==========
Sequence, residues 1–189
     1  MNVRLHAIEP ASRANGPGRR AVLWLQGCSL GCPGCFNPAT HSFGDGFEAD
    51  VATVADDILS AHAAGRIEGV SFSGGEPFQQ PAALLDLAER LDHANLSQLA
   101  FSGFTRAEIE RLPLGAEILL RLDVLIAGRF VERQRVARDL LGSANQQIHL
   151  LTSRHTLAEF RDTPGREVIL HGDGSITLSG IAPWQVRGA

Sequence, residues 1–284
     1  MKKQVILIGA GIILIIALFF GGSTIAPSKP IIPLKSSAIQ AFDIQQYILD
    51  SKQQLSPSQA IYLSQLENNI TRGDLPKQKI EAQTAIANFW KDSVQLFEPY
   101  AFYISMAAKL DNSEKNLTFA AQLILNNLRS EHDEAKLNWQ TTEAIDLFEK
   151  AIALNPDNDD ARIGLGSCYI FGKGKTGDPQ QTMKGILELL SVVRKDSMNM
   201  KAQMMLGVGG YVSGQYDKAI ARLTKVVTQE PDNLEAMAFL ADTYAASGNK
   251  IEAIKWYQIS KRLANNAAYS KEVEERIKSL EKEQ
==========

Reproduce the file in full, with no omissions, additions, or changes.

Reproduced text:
Sequence, residues 1–189
     1  MNVRLHAIEP ASRANGPGRR AVLWLQGCSL GCPGCFNPAT HSFGDGFEAD
    51  VATVADDILS AHAAGRIEGV SFSGGEPFQQ PAALLDLAER LDHANLSQLA
   101  FSGFTRAEIE RLPLGAEILL RLDVLIAGRF VERQRVARDL LGSANQQIHL
   151  LTSRHTLAEF RDTPGREVIL HGDGSITLSG IAPWQVRGA

Sequence, residues 1–284
     1  MKKQVILIGA GIILIIALFF GGSTIAPSKP IIPLKSSAIQ AFDIQQYILD
    51  SKQQLSPSQA IYLSQLENNI TRGDLPKQKI EAQTAIANFW KDSVQLFEPY
   101  AFYISMAAKL DNSEKNLTFA AQLILNNLRS EHDEAKLNWQ TTEAIDLFEK
   151  AIALNPDNDD ARIGLGSCYI FGKGKTGDPQ QTMKGILELL SVVRKDSMNM
   201  KAQMMLGVGG YVSGQYDKAI ARLTKVVTQE PDNLEAMAFL ADTYAASGNK
   251  IEAIKWYQIS KRLANNAAYS KEVEERIKSL EKEQ